New Environmental Protection Agency rules promise to give a significant boost to what is becoming known as the methane mitigation industry.
The EPA rules are expected to be finalized within the next year and would affect hundreds of thousands of wells, storage tanks and natural-gas processing plants. They could require companies to replace leaky, older equipment and buy new monitoring tools to sharply reduce emissions of methane, a planet-warming gas that traps more heat than carbon dioxide.
The proposed regulations have divided the U.S. oil-and-gas industry. Broadly supporting the initiative is the American Petroleum Institute, a trade group that represents Honeywell, Schlumberger and Baker Hughes as well as large oil-and-gas producers who are already investing in ways to leakproof their operations. They have backed issuance of new rules while asking the EPA to change parts of the proposal.
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Smaller well operators generally oppose the EPA’s plans, saying they won’t be able to afford the compliance costs. The Independent Petroleum Association of America, which represents thousands of companies in the oil-and-gas-extraction business, said the EPA rules would raise the costs of operating low-production wells, which pull less than 15 barrels of oil or an equivalent of natural gas a day and contribute about 10% of U.S. production.
The association told the EPA that shutting down such wells could hurt local economies. “While the citizens of these rural parts of the country are certainly concerned with the ‘climate and health impacts of pollution’ … they are also concerned with their livelihood and putting food on the table,” the letter said, referencing a phrase EPA used to describe the rule’s benefits.
The EPA has proposed some exceptions for smaller wells. Still, the agency has estimated that 280,000 well sites will be affected when the new monitoring requirements are expected to go into effect in 2026.
Agency officials and climate activists say producers can sell captured methane gas, but that incentive hasn’t been enough to get companies to cut down on emissions. EPA researchers estimate that natural-gas systems emitted roughly 6.6 million tons of methane into the atmosphere in 2020. That is the second-largest source, besides methane from livestock digestion.
In March, Schlumberger announced a new business unit dedicated to helping customers cut methane emissions, which Chief Technology Officer Demos Pafitis called “one of the most pressing issues of climate change.”
The regulations could drive business for smaller suppliers too.
One proposed requirement is that some major storage tanks capture nearly all their methane emissions. Flogistix LP, which makes devices that capture methane rising to the top of liquid storage tanks, has an order list reaching into next year and is planning on tripling manufacturing capacity this summer by opening a new factory in rural El Reno, Okla., said Chief Executive Mims Talton.
Investors are pressuring producers to capture and sell more methane, but the proposal could boost sales by an additional 20%, Mr. Talton estimated.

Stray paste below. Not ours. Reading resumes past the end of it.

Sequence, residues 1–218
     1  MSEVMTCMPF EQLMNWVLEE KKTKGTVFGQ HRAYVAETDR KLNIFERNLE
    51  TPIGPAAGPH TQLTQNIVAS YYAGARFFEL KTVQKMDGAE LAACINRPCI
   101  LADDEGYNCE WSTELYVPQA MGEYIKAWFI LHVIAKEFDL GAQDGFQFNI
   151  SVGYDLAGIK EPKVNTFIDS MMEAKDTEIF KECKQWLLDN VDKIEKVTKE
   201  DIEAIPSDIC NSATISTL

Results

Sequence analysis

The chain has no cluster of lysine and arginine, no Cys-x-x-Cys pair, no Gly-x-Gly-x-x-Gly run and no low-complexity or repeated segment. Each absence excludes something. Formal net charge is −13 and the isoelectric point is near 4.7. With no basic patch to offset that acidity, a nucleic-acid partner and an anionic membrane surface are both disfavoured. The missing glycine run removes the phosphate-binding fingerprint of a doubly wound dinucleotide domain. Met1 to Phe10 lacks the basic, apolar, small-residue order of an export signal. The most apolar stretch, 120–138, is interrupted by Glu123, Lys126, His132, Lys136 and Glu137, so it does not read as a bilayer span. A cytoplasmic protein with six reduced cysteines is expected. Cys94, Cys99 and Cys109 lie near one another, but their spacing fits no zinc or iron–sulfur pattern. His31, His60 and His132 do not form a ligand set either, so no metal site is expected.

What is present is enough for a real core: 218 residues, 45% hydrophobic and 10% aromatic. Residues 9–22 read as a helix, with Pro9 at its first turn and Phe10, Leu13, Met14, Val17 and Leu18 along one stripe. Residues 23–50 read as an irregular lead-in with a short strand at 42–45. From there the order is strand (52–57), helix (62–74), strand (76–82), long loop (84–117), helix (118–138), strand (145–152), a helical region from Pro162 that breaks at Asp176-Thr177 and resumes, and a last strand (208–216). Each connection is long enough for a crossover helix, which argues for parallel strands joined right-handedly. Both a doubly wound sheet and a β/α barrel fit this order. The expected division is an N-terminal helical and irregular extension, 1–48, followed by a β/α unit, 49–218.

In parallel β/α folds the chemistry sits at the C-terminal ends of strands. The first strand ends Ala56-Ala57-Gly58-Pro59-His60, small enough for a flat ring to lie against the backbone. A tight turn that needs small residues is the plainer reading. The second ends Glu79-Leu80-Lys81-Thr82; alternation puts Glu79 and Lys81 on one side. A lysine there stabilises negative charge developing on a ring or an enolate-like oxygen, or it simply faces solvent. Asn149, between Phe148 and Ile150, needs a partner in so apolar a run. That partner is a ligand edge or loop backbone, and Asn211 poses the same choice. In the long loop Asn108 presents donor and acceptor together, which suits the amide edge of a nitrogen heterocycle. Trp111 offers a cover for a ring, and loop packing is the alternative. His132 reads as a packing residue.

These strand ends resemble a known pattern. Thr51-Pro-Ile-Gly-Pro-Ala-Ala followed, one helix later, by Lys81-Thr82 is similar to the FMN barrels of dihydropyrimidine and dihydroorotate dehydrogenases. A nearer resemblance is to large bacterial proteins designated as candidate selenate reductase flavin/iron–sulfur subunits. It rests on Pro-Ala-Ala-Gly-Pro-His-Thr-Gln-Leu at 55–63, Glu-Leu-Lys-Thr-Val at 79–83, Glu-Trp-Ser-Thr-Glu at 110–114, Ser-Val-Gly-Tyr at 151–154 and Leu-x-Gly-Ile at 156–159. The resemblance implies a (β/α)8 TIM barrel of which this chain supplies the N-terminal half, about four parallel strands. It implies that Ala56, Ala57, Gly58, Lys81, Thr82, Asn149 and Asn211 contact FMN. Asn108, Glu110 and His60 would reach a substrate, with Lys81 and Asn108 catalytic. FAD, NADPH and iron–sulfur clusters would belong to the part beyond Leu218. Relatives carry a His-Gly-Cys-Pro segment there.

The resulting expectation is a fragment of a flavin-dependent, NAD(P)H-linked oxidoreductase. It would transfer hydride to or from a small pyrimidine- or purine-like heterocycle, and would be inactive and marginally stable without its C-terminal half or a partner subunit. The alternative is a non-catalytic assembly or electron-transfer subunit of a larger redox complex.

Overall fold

“There are companies that won’t do anything without encouragement,” he said. The company’s vapor-recovery device costs between $80,000 and $450,000.
Other proposals call for outright replacement of leaky equipment, such as pneumatic devices that release natural gas into the atmosphere every time they move a valve to control tank pressure and liquid levels. Regulators estimate that there are roughly 1.6 million such devices in use.
The rules are also expected to require more frequent monitoring for methane leaks.
That could be a boon for Arkansas-based Montrose Environmental Group Inc., MEG 4.41% which is looking to the rules to drive demand for the inspection services of its engineers, field technicians and scientists, CEO Vijay Manthripragada said.
“We sit between the regulators and the regulated,” he said.
Honeywell, Baker Hughes and several other companies that sell surveillance systems that continuously monitor for methane leaks are lobbying for the EPA to endorse their technology as an option for compliance. In-person, periodic inspections with hand-held devices are time-consuming and can be thrown off by the weather or human error, they said in a joint letter to the EPA.
Kuva Systems began selling its surveillance systems last year. Chief Executive Stefan Bokaemper said he is preparing to transfer camera manufacturing from the 32-person company’s Cambridge, Mass., headquarters to a contract manufacturer in anticipation of higher volumes.
All told, more than 200 companies are in the business of finding, preventing or fixing methane emissions, including startups and longtime manufacturers, according to a 2021 report from the Environmental Defense Fund, an advocacy group that supports stricter rules.
Robert Kleinberg, a former oil-and-gas industry engineer who studies the intersection of technology and regulation at Columbia University’s Center on Global Energy Policy, said capturing escaped methane largely poses a more welcome challenge for oil-and-gas producers than cutting carbon dioxide. Making more airtight natural-gas systems, he said, is easier.
Oil-and-gas industry officials “love engineering problems because they are engineers at heart,” he said. “With an incentive [to find a solution], they’ll go at it like beavers.”
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